At the beginning of Genesis 28, Isaac finally blesses Jacob without having to be tricked, but still after being prodded by his dutiful wife.
And Isaac called Jacob, and blessed him, and charged him, and said unto him, Thou shalt not take a wife of the daughters of Canaan. Arise, go to Padanaram, to the house of Bethuel thy mother’s father; and take thee a wife from thence of the daughers of Laban thy mother’s brother. And God Almighty bless thee, and make thee fruitful, and multiply thee, that thou mayest be a multitude of people; And give thee the blessing of Abraham, to thee, and to thy seed with thee; that thou mayest inherit the land wherein thou art a stranger, which God gave unto Abraham.” (Gen. 28:1-4)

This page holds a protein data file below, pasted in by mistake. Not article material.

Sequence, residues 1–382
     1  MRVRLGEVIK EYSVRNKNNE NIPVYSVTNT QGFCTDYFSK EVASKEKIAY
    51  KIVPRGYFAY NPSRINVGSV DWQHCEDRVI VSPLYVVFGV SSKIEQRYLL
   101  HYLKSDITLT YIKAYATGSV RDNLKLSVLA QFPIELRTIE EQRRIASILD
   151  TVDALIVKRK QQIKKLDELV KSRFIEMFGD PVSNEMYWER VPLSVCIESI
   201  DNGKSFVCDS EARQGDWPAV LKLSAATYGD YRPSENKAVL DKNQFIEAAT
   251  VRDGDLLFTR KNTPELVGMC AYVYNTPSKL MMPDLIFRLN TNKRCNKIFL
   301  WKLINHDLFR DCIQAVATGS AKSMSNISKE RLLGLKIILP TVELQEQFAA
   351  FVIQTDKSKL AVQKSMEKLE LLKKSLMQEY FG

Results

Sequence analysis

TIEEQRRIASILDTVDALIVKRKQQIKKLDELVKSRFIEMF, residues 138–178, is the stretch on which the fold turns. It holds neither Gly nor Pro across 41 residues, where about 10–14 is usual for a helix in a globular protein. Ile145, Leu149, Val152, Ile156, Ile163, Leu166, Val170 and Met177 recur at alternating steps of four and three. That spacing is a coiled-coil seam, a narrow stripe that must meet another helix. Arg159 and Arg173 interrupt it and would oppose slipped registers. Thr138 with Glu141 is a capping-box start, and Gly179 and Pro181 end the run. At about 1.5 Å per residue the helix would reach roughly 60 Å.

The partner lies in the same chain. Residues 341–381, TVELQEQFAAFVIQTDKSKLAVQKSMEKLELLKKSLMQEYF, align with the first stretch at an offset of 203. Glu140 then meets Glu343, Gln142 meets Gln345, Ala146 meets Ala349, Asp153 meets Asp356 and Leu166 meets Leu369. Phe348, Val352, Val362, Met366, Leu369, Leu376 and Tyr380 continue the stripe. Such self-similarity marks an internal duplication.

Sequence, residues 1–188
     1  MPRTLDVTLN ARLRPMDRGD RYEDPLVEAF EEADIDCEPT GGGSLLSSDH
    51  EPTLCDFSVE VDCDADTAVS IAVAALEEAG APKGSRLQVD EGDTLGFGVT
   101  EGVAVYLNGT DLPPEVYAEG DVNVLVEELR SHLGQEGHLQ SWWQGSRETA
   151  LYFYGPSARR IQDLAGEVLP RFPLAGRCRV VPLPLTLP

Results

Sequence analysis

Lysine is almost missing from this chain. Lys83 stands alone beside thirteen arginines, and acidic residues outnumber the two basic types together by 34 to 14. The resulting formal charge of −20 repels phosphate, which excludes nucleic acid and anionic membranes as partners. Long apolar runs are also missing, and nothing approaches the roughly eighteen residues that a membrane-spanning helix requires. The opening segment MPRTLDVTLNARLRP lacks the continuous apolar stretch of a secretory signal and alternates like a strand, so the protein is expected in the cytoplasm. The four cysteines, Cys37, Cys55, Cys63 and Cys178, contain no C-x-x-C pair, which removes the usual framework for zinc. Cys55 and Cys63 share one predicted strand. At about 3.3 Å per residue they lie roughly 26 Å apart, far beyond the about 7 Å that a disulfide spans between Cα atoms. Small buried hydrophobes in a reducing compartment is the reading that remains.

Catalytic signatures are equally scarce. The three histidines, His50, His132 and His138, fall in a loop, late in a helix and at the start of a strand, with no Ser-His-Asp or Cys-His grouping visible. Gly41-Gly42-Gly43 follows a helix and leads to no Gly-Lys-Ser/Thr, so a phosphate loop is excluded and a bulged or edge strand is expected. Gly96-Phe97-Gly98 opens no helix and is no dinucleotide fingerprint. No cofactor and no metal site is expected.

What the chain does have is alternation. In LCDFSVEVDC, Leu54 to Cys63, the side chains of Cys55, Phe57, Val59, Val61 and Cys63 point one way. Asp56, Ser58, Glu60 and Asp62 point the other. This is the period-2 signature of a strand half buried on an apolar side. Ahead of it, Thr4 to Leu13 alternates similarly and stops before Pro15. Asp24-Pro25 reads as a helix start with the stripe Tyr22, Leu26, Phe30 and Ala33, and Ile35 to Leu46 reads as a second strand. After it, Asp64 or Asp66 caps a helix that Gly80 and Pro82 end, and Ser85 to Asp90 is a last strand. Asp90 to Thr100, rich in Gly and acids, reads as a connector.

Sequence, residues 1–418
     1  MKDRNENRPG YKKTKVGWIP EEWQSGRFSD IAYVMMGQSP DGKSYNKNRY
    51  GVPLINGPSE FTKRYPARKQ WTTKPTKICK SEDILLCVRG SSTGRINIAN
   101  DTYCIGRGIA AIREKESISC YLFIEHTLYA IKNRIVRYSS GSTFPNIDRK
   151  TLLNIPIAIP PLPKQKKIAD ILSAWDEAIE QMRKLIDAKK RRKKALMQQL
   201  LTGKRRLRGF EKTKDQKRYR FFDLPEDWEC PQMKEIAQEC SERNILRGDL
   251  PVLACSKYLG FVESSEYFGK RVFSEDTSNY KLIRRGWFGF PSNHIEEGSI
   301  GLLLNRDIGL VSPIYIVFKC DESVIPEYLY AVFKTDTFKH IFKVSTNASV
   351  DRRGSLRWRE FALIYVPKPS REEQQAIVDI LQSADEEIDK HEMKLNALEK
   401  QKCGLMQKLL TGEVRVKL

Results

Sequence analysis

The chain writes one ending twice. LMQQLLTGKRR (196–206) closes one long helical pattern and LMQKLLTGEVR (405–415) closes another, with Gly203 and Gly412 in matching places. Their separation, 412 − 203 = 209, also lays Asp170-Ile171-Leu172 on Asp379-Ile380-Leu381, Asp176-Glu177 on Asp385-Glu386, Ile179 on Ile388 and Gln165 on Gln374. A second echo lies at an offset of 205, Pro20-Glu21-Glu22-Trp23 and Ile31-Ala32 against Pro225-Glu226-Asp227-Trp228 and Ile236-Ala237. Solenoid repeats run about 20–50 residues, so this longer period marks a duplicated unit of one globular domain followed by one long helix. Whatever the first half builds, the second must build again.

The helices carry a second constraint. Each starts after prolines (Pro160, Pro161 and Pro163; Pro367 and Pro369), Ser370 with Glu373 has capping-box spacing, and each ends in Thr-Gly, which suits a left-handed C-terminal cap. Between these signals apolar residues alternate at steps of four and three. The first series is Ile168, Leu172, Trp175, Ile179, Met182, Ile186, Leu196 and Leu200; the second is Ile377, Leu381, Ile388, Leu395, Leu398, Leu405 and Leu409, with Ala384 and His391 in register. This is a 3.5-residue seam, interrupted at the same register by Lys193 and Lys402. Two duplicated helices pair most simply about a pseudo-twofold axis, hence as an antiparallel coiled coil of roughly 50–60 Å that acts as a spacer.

We have a reiteration of the promise coupled with the same “foreigner” or “stranger” language. The patriarchs must first be pilgrims in the promised land before they can inherit it, and this is our context for the New Testament use of similar language regarding the Christian’s current state.